In the novels Methuselah’s Children and Time Enough for Love by Robert A. Heinlein, a large trust fund is created to give financial encouragement to marriage among people (the Howard Families) whose parents and grandparents were long lived. The result is a subset of Earth’s population who has significantly above-average life spans. Members of this group appear in many of the works by the same author.

In the 1982 Robert Heinlein novel Friday, the main character has been genetically engineered from multiple sets of donors, including, as she finds out later her boss. These enhancements give her superior strength, speed, eyesight in addition to healing and other advanced attributes. Creations like her are considered to be AP’s (Artificial Person).

In Eoin Colfer’s book The Supernaturalist, Ditto is a Bartoli Baby, which is the name for a failed experiment of the famed Dr. Bartoli. Bartoli tried to create a superior race of humans, but they ended in arrested development, with mutations including extrasensory perception and healing hands.

In Larry Niven’s Ringworld series, the character Teela Brown is a result of several generations of winners of the “Birthright Lottery”, a system which attempts to encourage lucky people to breed, treating good luck as a genetic trait.

In season 2 of Dark Angel, the main ‘bad guy’ Ames White is a member of a cult known as the Conclave which has infiltrated various levels of society to breed super-humans. They are trying to exterminate all the Transgenics, including the main character Max Guevara, whom they view as being genetically unclean for having some animal DNA spliced with human.

In the movie Immortel (Ad Vitam), Director/Writer Enki Bilal titled the name of the evil corrupt organization specializing in genetic manipulation, and some very disturbing genetic “enhancement” eugenics. Eugenics has come to be a powerful organization and uses people and mutants of “lesser” genetic stock as guinea pigs. The movie is based on the Nikopol trilogy in Heavy Metal comic books.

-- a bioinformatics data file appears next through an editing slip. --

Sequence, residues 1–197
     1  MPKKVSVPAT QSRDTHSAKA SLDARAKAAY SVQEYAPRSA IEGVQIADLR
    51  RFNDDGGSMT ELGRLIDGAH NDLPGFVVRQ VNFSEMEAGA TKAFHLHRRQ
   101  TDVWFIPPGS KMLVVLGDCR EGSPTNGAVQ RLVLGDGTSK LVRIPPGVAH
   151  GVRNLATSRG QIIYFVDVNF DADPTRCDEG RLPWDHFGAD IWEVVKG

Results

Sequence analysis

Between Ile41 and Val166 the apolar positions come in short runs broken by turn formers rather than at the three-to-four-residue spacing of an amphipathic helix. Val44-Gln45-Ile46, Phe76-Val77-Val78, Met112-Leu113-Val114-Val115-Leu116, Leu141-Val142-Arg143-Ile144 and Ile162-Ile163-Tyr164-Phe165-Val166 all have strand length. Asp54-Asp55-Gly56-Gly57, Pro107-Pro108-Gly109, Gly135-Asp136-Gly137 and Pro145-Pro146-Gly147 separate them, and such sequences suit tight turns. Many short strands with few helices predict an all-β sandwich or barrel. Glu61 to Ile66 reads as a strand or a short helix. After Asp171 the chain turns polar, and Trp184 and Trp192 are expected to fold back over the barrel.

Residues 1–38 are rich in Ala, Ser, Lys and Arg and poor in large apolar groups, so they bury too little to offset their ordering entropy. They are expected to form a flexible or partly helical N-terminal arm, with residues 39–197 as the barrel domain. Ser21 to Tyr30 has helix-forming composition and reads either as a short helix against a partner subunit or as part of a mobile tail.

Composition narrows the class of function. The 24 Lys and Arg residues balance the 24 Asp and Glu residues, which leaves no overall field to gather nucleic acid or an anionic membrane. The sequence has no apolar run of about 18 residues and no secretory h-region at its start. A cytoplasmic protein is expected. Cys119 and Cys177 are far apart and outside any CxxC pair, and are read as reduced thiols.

In the video game Grand Theft Auto: Vice City, a fictional character called Pastor Richards, a caricature of an extreme and insane televangelist, is featured as a guest on a discussion radio show about morality. On this show, he describes shooting people who do not agree with him and who are not “morally correct”, which the show’s host describes as “amateur eugenics”.

In the 2006 Mike Judge film Idiocracy, a fictional character, pvt. Joe Bauers, aka Not Sure (played by Luke Wilson), awakens from a cryogenic stasis in the year 2505 into a world devastated by dysgenic degeneration. Bauers, who was chosen for his averageness, is discovered to be the smartest human alive and eventually becomes president of the United States.

The manga series Battle Angel Alita and its sequel Battle Angel Alita: Last Order (Gunnm and Gunnm: Last Order as it is known in Japan) by Yukito Kishiro, contains multiple references to the theme of eugenics. The most obvious is the sky city Tiphares (Salem in Japanese edition). Dr. Desty Nova, in the first series in Volume 9, reveals the eugenical nature of the city to Alita (Gally or Yoko) and it is further explored in the sequel series. A James Cameron movie based on the series is due for release on 2018.[10]

In the French 2000 police drama Crimson Rivers, inspectors Pierre Niemans (played by Jean Reno) and his colleague Max Kerkerian (Vincent Cassel) attempt to solve series of murders triggered by eugenics experiment that was going on for years in university town of Guernon.

In the Cosmic Era universe of the Gundam anime series (Mobile Suit Gundam SEED), war is fought between the normal human beings without genetic enhancements, also known as the Naturals, and the Coordinators, who are genetically enhanced. It explores the pros and cons as well as possible repercussions from Eugenics

The Khommites of planet Khomm practice this through the method of self-cloning, believing they are perfect.